The Law Office Of
Tyson Takeuchi
Bankruptcy and Debt Relief Specialist
Serving California since 1995
State Bar #177419
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Avoiding Liens

Junior Liens Arising from Second Deeds of Trusts (HELOCS & Second Mortgages):

In chapter 13 bankruptcy, you may strip a lien arising from a second mortgage, home equity line of credit. You will no longer be required to make payments for the second mortgage during the bankruptcy and, upon successful completion of your three- or five-year chapter 13 bankruptcy, the lien will be formally removed.

However, a lien must meet two conditions in order to be avoided. Simply not having any equity is not enough. Firstly, the value of your home must be less than the principal owed to the first mortgage. Secondly, the lien to be avoided must arise from a deed of trust recorded after the deed of trust of the first mortgage.

Lien strips aren't limited to second deeds of trust! Any lien arising from a subsequent deed of trust (a third, fourth, etc.) may be avoided so long as it meets the aforementioned two conditions.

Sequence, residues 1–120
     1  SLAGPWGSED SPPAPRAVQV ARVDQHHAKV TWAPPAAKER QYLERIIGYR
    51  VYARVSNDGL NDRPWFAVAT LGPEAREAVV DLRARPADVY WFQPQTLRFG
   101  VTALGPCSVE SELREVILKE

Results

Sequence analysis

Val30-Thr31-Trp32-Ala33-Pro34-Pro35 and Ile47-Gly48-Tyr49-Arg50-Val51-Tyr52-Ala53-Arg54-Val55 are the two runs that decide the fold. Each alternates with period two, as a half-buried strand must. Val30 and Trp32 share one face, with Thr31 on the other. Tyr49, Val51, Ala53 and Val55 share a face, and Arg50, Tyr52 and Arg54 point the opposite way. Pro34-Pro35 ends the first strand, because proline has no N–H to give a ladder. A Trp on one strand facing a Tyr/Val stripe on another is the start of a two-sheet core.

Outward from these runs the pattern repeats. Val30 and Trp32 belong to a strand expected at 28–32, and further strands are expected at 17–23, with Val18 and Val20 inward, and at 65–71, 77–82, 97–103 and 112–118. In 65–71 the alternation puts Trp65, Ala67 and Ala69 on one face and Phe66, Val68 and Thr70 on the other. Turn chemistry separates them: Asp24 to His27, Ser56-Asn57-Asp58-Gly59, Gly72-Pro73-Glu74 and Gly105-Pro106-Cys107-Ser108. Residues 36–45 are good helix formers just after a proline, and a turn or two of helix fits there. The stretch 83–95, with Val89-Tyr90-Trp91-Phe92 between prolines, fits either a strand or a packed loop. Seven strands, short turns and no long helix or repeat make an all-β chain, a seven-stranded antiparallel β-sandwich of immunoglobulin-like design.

Judgment Liens Arising from Lawsuits & Abstracts of Judgment:

Avoiding liens arising from lawsuit judgments works similarly, but we may avoid liens in both chapter 7 and 13 bankruptcies.

The Court is more lenient in establishing conditions to meet before stripping a judgment lien, but they can be more complicated. For instance, a judgment lien may be avoided even if a home has equity. However, there must not be enough equity to support paying trust deed holders, the value of a debtor's claimed exemptions for the home, and even a portion of the judgment lien.

Have more questions? Call us! (800) 553-4080